Thursday, October 25, 2007

Darkness visible

An otherwise sensible piece in The Times about the Bronze Age site Silbury Hill has a final paragraph as follows:

Terry Dobney, a Druid, said: “It is a sacred mound, an effigy to the element of water built on top of a vast underground lake that feeds the Kennet and the Thames rivers. This would have been a place of tremendous significance in prehistoric times when people’s lives relied on water.”
What is The Times playing at? Apart from the idiocy of the quote itself (people's lives don't rely on water today?), this is like getting a quote from an astrologer in a piece about astronomy. It's worse than stupid, it is an example of the creeping superstition of our time.

Modern Druidism is a completely invented pseudo-religion, full of Victorian romanticism, with no connection at all to the Druids, who in turn were even more removed from the first builders of Silbury Hill than we are from the Druids.

Druids were part of a religion of which we know little, except that it involved human sacrifice, often by drowning. Some Romans (most famously Julius Caesar) wrote about the Druids, 2000 years ago.

Silbury was started 2,400 years before that and the aliterate Druids would have had no record at all, and no knowledge whatsoever, of the people who completed the mound in about 2000 BC.

This chronology can be found at the foot of the Times article, beneath the quote from the modern day "Druid" - a man who enjoys dressing up in bedsheets and performing rituals that were made up a century or so ago. The costumes of modern druids owe everything to Victorian paintings and nothing at all to what little we do know of the dress of people at the relevant time. Their beliefs and rituals are pure, modern invention. Even if they were accurate, they'd have nothing to do with the much older Silbury. How completely wrong can you get? And this is the "newspaper of record".

The darkness of superstition seems to be everywhere right now.

7 comments:

rightwingprof said...

I'm not being confrontational or anything, but you do seem to have a lot of that sort of thing over there. We have our newage-y nuts too, but they're mostly to be found in their newage-y shops selling crystals and scented candles, not dressing up and parading over the countryside. What is it, exactly, about neopagans and the UK?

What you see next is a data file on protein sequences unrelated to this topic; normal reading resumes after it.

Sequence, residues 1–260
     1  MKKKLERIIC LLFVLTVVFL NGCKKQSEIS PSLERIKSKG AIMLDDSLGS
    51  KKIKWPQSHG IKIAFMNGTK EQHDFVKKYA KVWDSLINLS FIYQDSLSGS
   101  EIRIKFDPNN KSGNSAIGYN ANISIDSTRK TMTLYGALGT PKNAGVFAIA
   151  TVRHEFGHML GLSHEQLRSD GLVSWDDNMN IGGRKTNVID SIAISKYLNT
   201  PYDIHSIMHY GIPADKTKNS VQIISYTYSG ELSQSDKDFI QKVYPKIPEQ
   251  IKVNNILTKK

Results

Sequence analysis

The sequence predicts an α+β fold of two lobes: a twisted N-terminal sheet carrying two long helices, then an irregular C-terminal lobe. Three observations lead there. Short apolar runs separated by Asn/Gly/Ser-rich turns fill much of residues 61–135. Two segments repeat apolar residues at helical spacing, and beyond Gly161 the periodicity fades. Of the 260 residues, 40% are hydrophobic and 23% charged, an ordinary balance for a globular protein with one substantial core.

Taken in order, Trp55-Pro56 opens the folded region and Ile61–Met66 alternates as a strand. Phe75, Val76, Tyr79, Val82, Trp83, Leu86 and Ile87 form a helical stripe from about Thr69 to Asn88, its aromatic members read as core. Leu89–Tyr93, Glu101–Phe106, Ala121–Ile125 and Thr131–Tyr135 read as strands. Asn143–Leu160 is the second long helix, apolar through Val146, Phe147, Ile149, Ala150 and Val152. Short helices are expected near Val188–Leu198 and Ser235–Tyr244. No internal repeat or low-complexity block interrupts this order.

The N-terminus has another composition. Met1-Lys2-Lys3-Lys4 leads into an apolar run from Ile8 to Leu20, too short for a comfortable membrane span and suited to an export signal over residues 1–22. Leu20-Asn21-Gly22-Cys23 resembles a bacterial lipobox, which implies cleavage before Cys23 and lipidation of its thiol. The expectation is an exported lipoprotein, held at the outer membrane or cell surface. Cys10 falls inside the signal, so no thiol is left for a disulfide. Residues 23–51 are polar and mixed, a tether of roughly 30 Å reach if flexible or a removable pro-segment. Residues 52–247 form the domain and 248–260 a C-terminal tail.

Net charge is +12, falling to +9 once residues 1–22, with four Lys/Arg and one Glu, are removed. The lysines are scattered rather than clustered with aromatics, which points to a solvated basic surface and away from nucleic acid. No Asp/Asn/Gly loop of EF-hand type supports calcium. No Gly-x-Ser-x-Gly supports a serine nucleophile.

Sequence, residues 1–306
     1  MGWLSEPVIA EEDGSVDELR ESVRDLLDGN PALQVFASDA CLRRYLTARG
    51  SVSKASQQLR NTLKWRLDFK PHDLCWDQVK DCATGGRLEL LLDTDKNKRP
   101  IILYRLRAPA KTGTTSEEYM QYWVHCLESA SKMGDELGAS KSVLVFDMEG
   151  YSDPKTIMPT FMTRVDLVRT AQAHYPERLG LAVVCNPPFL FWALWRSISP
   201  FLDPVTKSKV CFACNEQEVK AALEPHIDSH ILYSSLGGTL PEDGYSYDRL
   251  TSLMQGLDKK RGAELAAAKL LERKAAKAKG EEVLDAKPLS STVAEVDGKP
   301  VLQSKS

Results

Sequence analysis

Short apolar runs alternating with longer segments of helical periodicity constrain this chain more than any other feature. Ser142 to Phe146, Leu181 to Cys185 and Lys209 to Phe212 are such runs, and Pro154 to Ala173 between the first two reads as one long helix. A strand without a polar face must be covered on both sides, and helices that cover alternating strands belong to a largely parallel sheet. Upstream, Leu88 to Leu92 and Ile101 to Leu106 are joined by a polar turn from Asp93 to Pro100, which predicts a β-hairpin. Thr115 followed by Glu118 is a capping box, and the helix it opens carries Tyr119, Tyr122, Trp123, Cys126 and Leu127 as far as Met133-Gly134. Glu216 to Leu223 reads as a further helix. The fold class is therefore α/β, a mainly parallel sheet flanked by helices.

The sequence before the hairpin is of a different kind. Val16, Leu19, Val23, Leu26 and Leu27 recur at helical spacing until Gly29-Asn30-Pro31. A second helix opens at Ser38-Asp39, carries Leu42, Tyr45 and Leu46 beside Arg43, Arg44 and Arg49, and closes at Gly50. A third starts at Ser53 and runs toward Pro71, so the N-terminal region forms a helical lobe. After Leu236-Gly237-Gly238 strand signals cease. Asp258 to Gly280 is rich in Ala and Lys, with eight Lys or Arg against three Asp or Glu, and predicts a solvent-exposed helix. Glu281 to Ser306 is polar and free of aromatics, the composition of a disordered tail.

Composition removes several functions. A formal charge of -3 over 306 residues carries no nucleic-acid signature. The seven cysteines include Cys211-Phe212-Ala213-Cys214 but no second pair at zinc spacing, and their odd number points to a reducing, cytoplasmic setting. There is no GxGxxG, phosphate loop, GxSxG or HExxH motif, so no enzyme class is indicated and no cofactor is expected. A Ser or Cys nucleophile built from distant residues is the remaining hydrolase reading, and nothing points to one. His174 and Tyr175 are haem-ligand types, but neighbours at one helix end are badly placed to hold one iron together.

Happy St. Crispin's Day, by the way. Did you send a greeting card to the French?

Heh.

dearieme said...

One does not, of course, wish to be thought rude, RWP, but some of us might suspect that in the USA the equivalent nuts attend Christian acts of worship.

Peter Risdon said...

I think we do have a lot of it here. You've been sensible enough, Prof, to isolate most of these folk in California.

We also have Christian nuts, DM, but for a fairly irreligious society, the number of people who choose to roll their own religion is surprisingly high.

Peter Risdon said...

Oh, and no I forgot. I'll link to your posts, which put me to shame.

dearieme said...

Oh well, if you want a serious answer, it's probably just that we are a less conformist country than the US, and that nonconformity sometimes comes in risible guises.

Peter Risdon said...

That's an angle I hadn't thought of, DM. Must ponder.

I've been feeling more that it's a case of Sagan's Demon Haunted World.

flashgordonnz said...

"less conformist"

There's a cyclops fuckwit that wants to change that.

Ooops: can I say that?